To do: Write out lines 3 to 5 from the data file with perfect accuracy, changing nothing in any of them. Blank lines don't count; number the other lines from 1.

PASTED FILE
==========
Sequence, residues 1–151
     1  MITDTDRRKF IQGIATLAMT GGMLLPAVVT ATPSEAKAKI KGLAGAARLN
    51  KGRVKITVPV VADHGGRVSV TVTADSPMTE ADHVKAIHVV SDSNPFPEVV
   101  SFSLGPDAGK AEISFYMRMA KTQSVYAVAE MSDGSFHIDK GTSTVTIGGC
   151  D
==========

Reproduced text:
    51  KGRVKITVPV VADHGGRVSV TVTADSPMTE ADHVKAIHVV SDSNPFPEVV
   101  SFSLGPDAGK AEISFYMRMA KTQSVYAVAE MSDGSFHIDK GTSTVTIGGC
   151  D